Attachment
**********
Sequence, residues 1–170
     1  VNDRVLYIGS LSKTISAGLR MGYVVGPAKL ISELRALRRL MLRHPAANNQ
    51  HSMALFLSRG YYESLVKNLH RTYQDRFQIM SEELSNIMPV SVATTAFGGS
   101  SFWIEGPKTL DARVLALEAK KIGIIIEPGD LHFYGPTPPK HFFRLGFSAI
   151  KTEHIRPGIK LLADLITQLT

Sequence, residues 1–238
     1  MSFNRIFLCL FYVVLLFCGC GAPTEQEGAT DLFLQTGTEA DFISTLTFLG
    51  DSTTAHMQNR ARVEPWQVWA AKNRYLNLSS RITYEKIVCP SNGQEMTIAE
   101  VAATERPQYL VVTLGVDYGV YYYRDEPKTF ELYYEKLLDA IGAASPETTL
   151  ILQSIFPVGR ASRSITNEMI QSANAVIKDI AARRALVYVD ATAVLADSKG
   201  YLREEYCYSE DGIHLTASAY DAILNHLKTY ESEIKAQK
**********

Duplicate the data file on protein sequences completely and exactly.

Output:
Sequence, residues 1–170
     1  VNDRVLYIGS LSKTISAGLR MGYVVGPAKL ISELRALRRL MLRHPAANNQ
    51  HSMALFLSRG YYESLVKNLH RTYQDRFQIM SEELSNIMPV SVATTAFGGS
   101  SFWIEGPKTL DARVLALEAK KIGIIIEPGD LHFYGPTPPK HFFRLGFSAI
   151  KTEHIRPGIK LLADLITQLT

Sequence, residues 1–238
     1  MSFNRIFLCL FYVVLLFCGC GAPTEQEGAT DLFLQTGTEA DFISTLTFLG
    51  DSTTAHMQNR ARVEPWQVWA AKNRYLNLSS RITYEKIVCP SNGQEMTIAE
   101  VAATERPQYL VVTLGVDYGV YYYRDEPKTF ELYYEKLLDA IGAASPETTL
   151  ILQSIFPVGR ASRSITNEMI QSANAVIKDI AARRALVYVD ATAVLADSKG
   201  YLREEYCYSE DGIHLTASAY DAILNHLKTY ESEIKAQK